Doctor: Getting COVID-19 vaccine important with new variants in Kansas, Missouri

Doctor: Getting COVID-19 vaccine important with new variants in Kansas, Missouri
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The number of U.K. variant COVID-19 cases in Kansas and Missouri has increased more than six times in the last month. Both states have confirmed they are now also seeing the South African variant.”It’s kind of like mice in your house. If you found one, you have to assume there’s more out there,” said Dr. Dana Hawkinson, an infectious disease specialist with the University of Kansas Health System.Hawkinson did a Zoom interview with us from his gym.”We know that you can be re-infected with these variants. We have good documentation,” he said.Hawkinson said the B.1.351, known as the South African variant, has two significant mutations. It’s more infectious. It cannot be treated with monoclonal antibodies.”I think we need to be concerned,” he said.It’s one additional reason he’s encouraging people to get the vaccine. Pfizer, Moderna and Johnson & Johnson all protect against the variants in the U.S.”We understand there still is vaccine hesitancy. It should not be hesitancy about safety. We know that these vaccines are safe,” Hawkinson said.Vaccines provide higher immunity than actually getting the disease. They prevent hospital visits, severe illness and death.”Lessen your anxiety or your loved ones’ anxiety about getting some of these variants,” Hawkinson said.He said that the best treatment is prevention, which you get from vaccines.To prevent illness doctors still encourage people to wear masks and keep up physical distancing. If you meet up with people, try to keep it outside and in small groups.

The number of U.K. variant COVID-19 cases in Kansas and Missouri has increased more than six times in the last month. Both states have confirmed they are now also seeing the South African variant.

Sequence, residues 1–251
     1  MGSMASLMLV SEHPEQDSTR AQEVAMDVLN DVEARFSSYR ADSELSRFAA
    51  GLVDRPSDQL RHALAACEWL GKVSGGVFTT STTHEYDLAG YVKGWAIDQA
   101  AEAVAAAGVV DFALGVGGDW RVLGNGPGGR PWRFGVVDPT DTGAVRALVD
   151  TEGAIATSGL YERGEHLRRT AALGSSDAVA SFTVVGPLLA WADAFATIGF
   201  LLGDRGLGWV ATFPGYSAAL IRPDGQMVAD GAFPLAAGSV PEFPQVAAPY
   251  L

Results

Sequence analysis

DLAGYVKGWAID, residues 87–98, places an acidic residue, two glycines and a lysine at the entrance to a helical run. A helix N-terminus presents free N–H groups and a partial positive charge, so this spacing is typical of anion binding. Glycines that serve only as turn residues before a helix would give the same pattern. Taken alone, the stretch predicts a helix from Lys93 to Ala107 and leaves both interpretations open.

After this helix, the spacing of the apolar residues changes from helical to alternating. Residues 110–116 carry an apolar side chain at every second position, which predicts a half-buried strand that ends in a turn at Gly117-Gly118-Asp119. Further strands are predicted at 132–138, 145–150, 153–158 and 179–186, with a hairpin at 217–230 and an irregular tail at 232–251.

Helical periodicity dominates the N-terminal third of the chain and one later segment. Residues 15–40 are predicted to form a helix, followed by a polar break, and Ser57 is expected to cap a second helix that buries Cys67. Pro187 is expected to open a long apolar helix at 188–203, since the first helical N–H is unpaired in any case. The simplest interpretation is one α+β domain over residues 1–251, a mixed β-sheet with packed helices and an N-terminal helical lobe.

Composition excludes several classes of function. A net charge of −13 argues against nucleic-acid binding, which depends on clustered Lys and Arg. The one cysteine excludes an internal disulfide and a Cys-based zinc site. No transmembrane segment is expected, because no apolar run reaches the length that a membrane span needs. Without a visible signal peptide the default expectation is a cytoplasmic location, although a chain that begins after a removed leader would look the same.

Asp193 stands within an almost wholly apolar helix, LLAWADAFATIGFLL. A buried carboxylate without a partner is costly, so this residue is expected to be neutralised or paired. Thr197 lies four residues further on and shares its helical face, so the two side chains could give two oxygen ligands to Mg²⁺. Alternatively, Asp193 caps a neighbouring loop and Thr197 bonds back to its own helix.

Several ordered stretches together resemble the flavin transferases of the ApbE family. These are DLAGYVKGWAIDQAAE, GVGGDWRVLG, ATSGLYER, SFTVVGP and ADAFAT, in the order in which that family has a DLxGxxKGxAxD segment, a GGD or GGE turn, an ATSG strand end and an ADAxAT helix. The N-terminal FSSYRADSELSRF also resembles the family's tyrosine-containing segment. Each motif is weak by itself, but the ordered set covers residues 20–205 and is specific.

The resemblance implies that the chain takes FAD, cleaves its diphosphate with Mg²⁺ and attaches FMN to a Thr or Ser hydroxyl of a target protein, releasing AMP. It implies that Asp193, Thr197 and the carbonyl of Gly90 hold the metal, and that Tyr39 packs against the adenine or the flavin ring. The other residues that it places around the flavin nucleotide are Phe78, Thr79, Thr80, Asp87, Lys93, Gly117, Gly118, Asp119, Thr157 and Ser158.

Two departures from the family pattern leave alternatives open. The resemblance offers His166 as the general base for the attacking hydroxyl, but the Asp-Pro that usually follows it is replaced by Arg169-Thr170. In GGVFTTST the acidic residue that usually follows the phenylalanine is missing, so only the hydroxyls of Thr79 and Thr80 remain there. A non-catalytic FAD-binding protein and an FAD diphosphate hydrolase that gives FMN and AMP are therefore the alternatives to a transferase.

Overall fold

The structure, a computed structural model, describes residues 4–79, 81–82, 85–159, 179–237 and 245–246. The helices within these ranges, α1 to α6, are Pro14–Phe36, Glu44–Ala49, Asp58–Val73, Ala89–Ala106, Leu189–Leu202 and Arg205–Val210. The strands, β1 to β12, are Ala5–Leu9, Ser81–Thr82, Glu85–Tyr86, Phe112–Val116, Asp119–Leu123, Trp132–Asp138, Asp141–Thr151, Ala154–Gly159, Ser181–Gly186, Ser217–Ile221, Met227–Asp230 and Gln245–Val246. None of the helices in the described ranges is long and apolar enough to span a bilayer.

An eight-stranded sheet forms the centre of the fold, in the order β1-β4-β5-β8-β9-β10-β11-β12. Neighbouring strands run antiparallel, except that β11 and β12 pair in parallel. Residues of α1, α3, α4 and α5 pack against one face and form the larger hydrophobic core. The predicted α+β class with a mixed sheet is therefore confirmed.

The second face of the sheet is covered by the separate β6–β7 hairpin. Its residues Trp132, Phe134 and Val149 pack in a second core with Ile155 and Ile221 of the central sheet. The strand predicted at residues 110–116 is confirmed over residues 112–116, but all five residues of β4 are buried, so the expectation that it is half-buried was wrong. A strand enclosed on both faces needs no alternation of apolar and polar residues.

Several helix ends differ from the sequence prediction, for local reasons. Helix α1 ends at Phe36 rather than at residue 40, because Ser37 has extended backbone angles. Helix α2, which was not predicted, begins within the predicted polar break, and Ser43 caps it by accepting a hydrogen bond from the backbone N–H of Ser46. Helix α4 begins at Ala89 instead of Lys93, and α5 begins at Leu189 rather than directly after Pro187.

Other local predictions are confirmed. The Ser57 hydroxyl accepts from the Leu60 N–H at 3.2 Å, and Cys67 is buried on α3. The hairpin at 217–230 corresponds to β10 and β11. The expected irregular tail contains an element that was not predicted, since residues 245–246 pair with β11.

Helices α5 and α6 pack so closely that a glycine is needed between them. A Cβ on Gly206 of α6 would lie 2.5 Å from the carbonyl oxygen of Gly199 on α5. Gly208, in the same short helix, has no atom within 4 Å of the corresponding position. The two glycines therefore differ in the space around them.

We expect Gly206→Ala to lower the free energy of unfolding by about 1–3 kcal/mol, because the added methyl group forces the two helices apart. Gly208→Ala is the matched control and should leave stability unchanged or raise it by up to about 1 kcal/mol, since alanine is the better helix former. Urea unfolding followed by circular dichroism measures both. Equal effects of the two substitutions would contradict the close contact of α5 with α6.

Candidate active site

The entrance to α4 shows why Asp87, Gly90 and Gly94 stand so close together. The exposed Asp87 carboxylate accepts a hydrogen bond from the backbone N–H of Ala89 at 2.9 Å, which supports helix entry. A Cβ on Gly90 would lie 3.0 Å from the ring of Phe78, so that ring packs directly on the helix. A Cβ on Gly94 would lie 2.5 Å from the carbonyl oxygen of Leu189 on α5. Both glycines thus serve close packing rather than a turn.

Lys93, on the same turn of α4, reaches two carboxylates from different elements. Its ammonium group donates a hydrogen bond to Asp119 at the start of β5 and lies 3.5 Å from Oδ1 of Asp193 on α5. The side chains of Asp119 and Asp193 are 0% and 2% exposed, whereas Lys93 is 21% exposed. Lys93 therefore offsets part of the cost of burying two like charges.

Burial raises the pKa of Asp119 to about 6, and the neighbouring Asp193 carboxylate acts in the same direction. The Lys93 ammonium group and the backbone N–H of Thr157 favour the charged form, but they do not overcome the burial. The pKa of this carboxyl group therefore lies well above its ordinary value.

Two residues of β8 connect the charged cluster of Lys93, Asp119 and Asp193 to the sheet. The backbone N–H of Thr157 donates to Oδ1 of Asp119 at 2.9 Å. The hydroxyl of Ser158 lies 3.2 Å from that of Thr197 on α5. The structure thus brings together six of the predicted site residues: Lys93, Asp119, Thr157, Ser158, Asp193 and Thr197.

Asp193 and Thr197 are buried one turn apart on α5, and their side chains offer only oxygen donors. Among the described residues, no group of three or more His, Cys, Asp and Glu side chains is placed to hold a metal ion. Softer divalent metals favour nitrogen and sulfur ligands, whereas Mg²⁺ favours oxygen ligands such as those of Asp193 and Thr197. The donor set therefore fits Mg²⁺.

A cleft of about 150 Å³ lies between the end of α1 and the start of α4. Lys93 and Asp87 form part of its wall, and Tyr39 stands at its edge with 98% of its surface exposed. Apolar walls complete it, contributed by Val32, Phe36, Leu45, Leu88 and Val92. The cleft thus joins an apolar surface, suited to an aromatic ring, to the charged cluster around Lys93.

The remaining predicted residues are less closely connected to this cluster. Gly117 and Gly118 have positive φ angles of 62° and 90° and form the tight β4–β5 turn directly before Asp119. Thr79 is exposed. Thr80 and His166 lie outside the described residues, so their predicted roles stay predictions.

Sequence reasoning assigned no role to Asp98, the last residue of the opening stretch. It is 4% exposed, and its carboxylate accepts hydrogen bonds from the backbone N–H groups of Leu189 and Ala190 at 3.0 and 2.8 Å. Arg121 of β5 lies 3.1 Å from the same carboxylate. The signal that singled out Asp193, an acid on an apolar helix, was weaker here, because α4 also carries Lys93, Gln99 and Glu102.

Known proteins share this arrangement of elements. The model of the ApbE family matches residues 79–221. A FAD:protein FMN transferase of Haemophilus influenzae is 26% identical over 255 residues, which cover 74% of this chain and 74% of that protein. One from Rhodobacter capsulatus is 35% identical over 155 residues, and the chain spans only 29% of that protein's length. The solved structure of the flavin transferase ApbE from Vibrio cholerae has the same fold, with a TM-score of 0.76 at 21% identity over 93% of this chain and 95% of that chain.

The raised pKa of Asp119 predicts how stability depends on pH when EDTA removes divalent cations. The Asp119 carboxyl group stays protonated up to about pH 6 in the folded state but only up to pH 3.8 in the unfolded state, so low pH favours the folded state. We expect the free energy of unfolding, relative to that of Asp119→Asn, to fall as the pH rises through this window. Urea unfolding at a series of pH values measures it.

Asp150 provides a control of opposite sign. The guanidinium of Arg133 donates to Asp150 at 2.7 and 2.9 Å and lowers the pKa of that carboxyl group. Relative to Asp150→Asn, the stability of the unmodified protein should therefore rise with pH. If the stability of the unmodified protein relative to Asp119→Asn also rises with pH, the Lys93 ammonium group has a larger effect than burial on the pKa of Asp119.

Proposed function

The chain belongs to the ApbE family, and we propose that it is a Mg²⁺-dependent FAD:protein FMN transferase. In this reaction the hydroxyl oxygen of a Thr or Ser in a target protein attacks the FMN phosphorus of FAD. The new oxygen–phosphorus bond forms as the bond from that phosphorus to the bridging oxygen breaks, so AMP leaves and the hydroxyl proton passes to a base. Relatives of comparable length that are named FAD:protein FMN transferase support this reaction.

“It’s kind of like mice in your house. If you found one, you have to assume there’s more out there,” said Dr. Dana Hawkinson, an infectious disease specialist with the University of Kansas Health System.

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Hawkinson did a Zoom interview with us from his gym.

“We know that you can be re-infected with these variants. We have good documentation,” he said.

Hawkinson said the B.1.351, known as the South African variant, has two significant mutations. It’s more infectious. It cannot be treated with monoclonal antibodies.

“I think we need to be concerned,” he said.

It’s one additional reason he’s encouraging people to get the vaccine. Pfizer, Moderna and Johnson & Johnson all protect against the variants in the U.S.

“We understand there still is vaccine hesitancy. It should not be hesitancy about safety. We know that these vaccines are safe,” Hawkinson said.

Vaccines provide higher immunity than actually getting the disease. They prevent hospital visits, severe illness and death.

“Lessen your anxiety or your loved ones’ anxiety about getting some of these variants,” Hawkinson said.

He said that the best treatment is prevention, which you get from vaccines.

To prevent illness doctors still encourage people to wear masks and keep up physical distancing. If you meet up with people, try to keep it outside and in small groups.

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